We will be producing a two part documentary for broadcast television. Several broadcasters who specialise in this sort of material, including C4, have expressed an interest. It is a unique subject and such a documentary has not been made before.
It is usual for filming, both on the ground and from above, to show some interesting sections in unusual locations. This documentary will give viewers a record of the complete flight. Viewers will be immersed in the drama of the landscape and the drama in the aircraft.
They will share the experiences of the flyers as they cope with weather changes and air traffic control problems. On the ground they will understand the frustration of dealing with officialdom and technical issues. While all the channels we contacted were keen their criteria was a problem, they would require a cameraman, a soundman and their equipment in the aircraft.
There isn’t enough space for this and the weight limit for the aircraft would be exceeded. We decided after taking advice that the best solution was to make the documentary ourselves using the best available professionals to produce the actual programme from the inflight, ground and departure and arrival footage.
We have easily overcome the filming problems by carrying the cameras on the aircraft, five of them. One under each wing are remotely controlled from inside the aircraft, they can film from directly overhead and in front of the aircraft. Both these cameras can film the side of the aircraft and we will use this facility to include every logo in the documentary on more than one occasion. Two cameras inside the aircraft will cover the pilot’s activity, something the broadcasters are keen on. Finally a hand held camera which we will use at every refuelling and overnight stop.
Corrugated iron hangers with a backdrop of snow covered mountains in rural Alaska or sand dunes in the Mongolian wilderness will be the norm. The data from all these sources will form the documentary which will be ‘put together’ by Movement & Light’ a specialist producer. One of their principals was BBC trained twenty-five years ago and has worked on Airline, Homes under the Hammer, Holly Oaks and Brookside amongst others. The documentary will include pre-flight footage showing training and preparation.
A visual experience.
The flight will cover terrain not previously seen in normal ‘travel’ programmes and only available from above. Many familiar sights will photograph in a more meaningful way when seen from five thousand feet. We will be spoilt for choice when selecting material for the documentary.
For example the Russian Pacific coast can be seen in all its glory as opposed to stills taken on the ground. Hundreds of vessels stranded in the dried out Aral Sea cannot be filmed at all as the depth of mud prevents them being approached. The camels, which shelter from the wind next to the stranded ships, can cope with soft sand.
This is a great opportunity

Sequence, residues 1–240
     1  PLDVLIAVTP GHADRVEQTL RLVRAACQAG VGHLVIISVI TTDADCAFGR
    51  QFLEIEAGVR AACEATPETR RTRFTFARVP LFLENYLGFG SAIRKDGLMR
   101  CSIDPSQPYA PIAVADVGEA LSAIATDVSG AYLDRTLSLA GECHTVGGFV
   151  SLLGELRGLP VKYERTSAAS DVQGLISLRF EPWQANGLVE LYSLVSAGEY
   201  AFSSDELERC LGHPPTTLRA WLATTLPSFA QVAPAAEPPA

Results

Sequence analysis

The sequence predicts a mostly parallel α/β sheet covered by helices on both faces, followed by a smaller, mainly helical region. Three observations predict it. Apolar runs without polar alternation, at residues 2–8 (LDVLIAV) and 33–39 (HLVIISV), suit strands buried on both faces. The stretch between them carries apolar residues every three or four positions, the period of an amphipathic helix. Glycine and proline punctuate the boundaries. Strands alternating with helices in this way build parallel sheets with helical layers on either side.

Making a donation to this project is important but the returns have to be taken into consideration. Your logo on the aircraft will be seen by people in all the countries along the route. We will, obviously, be engaging with local media there and even if your company is not commercially active in that country it will be associated with other donors on the aircraft that are well known there and at home. All the logos on the aircraft are arranged so that they can be clearly seen by anybody, with or without a camera, who is standing nearby at the forty or more memorable places that we stop at during the journey.
The documentary film is an added dimension, it will be in two parts and the donor’s logos will be clearly seen at every opportunity. There are two sizes of logos, there is a ‘stripe’ of 300 x 300 mm. logos which runs the length of the aircraft on both sides you can have your logo on one or both sides. There are some 300 x 300 mm logos on the fin but this space is at a premium.
The smaller logo has been designed for companies that want to be involved but the 300 x 300 mm. logo is outside their budget. These logos measure 50 x 50 mm. and run in a line above and below the larger ones, your donation secures space on one side of the aircraft.
These logos can be joined in a line if that shape suits your company’s graphic, this means you can have any length in multiples of 50 mm; so for example, a 500 x 50 mm. is possible.
The smaller logo will not only appeal to those companies who wish to control their budget but to individuals who wish to commemorate a relative or friend who lost the struggle with dementia. In all cases if you do not have suitable artwork we will produce it for you.
What is the documentary called?
The flight is already known as ‘Around the World at Eighty’ and there isn’t any reason why the documentary can’t use the same name. The final decision will be made by the broadcaster. The name is taken with a nod to Jules Verne who wrote a famous novel in 1873 entitled Around the World in Eighty Days. This was the story of a fictional character who accepted a challenge while drinking in a London gentlemen’s club. Circumnavigation wasn’t new; ships had been doing it since the sixteenth century, but taking years. The challenge was to complete the journey in eighty days. Phileas Fogg won the bet using road, rail and sea transport. It took another fifty-eight years before Wiley Post an American pilot made the first aerial circumnavigation in an aircraft. He took less than eight days, we will take about forty. There are rules that have to be complied with, same pilots, same aircraft, same starting and finishing point and the aircraft cannot be transhipped across the oceans.